You can’t reach me on my cell phone

cabin and wifi

You probably heard. The Pew Internet and American Life Project released the results of its survey on broadband internet adoption in the US. The results are illuminating and lots of people having been saying that the results illustrate how important public libraries are to filling in the gap. I completely agree.

And yet, a lot of discourse on the topic of broadband adoption and cell phone adoption is mired in conversations about income level and education. As an employee of an institution of higher education, in a place where my college library is also a public library, making a good salary and possessing a somewhat absurd level of education, I feel compelled to tell you that getting good internet and cell phone coverage out here is not always a matter of lack of desire. We only got reliable, campus-wide cell phone coverage in the last five years. This was the result of a Verizon executive who took his family on vacation on Upper St. Regis and was flabbergasted to find out that they couldn’t use their cell phones or email up here. A new tower was built which serves some of the surrounding area including campus, but it does not extend far enough to serve the road running right alongside campus where some of our faculty live. While some people would certainly choose to live without cell phone or internet, others would really like to have it but can’t get it. I’d certainly like to get reliable cell coverage in my very nice apartment located in the center of the most densely populated area in the region, but I’m lucky to get through a whole conversation with my family without the call being dropped. True story: I get better cell phone coverage on the top the local mountains than I do in my apartment. Sometimes, it’s not about income level or education. Sometimes is about the specific geography and circumstances of where you live.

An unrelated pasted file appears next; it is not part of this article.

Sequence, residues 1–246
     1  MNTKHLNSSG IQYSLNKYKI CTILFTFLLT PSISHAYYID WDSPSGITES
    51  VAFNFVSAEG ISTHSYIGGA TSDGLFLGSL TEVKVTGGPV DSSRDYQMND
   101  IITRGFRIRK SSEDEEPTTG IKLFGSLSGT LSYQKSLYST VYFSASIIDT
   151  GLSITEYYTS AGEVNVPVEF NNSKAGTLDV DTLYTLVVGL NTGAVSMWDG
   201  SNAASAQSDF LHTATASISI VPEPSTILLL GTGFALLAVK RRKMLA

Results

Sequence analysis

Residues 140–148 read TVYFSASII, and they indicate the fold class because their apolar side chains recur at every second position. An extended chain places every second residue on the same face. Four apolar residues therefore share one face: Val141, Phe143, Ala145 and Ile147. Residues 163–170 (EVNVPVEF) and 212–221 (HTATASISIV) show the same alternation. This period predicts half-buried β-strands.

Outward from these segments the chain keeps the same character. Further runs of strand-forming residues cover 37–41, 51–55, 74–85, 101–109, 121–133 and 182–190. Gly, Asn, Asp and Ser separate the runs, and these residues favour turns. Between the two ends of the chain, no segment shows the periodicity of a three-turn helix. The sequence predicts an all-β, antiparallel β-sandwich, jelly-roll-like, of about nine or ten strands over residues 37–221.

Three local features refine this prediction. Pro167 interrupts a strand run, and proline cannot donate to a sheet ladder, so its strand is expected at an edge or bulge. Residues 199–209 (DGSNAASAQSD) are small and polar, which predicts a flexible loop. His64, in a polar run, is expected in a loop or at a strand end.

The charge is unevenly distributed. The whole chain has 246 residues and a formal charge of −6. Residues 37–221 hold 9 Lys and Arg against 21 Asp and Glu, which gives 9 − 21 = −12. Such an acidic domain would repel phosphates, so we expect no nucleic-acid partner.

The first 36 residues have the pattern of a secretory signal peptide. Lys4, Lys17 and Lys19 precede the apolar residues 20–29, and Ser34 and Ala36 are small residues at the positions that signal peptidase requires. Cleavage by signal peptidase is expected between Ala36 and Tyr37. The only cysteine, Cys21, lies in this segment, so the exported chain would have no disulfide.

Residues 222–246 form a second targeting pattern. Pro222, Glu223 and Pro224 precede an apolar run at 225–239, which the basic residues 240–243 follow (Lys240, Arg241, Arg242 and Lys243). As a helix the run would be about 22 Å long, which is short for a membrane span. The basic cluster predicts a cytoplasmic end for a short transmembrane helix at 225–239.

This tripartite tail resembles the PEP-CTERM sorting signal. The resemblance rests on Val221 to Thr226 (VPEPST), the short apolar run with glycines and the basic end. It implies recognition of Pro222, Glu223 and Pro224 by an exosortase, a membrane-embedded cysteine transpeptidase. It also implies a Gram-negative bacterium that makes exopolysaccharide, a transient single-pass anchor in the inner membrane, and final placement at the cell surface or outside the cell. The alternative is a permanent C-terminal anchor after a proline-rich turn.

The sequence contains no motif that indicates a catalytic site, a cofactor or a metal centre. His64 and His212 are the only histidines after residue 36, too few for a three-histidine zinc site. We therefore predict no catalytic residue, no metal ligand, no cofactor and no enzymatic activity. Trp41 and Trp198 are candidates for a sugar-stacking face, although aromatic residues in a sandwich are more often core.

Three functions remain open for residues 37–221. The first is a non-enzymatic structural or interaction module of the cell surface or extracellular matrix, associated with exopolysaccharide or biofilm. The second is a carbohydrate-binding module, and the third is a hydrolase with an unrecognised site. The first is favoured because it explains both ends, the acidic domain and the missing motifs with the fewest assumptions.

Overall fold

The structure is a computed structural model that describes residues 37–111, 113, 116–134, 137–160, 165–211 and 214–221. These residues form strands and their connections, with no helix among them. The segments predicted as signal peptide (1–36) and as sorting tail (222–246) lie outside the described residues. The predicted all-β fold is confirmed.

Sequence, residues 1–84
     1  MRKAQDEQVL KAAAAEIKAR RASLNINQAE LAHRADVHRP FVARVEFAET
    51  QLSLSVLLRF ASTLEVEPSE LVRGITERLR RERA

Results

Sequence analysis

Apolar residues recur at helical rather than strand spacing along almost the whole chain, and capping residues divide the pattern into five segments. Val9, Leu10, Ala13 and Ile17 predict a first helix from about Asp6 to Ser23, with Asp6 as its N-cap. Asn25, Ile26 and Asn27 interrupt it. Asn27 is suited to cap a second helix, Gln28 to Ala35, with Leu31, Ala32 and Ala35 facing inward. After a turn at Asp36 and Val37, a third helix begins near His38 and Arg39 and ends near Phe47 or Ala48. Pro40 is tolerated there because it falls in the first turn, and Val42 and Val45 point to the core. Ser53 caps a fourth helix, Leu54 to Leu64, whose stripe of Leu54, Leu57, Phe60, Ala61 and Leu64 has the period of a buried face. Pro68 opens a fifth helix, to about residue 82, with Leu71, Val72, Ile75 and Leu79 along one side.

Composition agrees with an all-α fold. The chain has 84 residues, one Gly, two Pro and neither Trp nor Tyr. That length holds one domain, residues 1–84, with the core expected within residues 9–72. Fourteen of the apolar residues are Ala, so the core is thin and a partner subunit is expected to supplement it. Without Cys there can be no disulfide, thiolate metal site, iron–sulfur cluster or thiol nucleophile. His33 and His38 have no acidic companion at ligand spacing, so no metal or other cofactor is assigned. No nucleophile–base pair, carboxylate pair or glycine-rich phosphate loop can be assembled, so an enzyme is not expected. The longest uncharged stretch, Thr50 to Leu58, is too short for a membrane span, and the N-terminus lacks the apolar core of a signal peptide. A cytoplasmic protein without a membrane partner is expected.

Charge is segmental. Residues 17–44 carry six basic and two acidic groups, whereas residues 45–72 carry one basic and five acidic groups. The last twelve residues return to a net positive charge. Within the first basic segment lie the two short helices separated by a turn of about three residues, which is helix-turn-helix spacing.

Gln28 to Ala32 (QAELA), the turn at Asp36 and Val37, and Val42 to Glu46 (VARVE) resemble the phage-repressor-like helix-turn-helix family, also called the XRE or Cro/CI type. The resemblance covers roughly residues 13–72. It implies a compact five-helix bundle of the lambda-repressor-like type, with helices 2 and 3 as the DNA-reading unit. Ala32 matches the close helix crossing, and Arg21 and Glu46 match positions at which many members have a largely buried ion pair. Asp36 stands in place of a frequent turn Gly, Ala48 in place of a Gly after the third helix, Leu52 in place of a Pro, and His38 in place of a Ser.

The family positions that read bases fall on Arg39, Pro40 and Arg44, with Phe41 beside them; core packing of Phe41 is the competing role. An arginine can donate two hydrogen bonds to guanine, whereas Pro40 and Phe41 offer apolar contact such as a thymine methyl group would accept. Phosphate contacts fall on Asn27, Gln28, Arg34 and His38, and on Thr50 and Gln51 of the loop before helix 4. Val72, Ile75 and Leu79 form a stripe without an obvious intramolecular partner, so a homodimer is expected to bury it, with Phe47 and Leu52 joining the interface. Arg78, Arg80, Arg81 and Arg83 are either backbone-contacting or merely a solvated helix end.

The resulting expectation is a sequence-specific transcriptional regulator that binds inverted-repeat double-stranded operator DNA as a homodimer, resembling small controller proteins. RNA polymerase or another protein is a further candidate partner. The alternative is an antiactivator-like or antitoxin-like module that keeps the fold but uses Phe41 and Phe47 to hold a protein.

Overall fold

Some of us without reliable broadband or cell service know what we’re missing, wish we had it, and, until they invent satellite signals that bend around geographic features, won’t be getting it. More truth: I make decisions on where I want to live here based partially on whether or not I can get internet, and, boy, am I grateful for the local public libraries (including my own) who truly do fill in the gaps.

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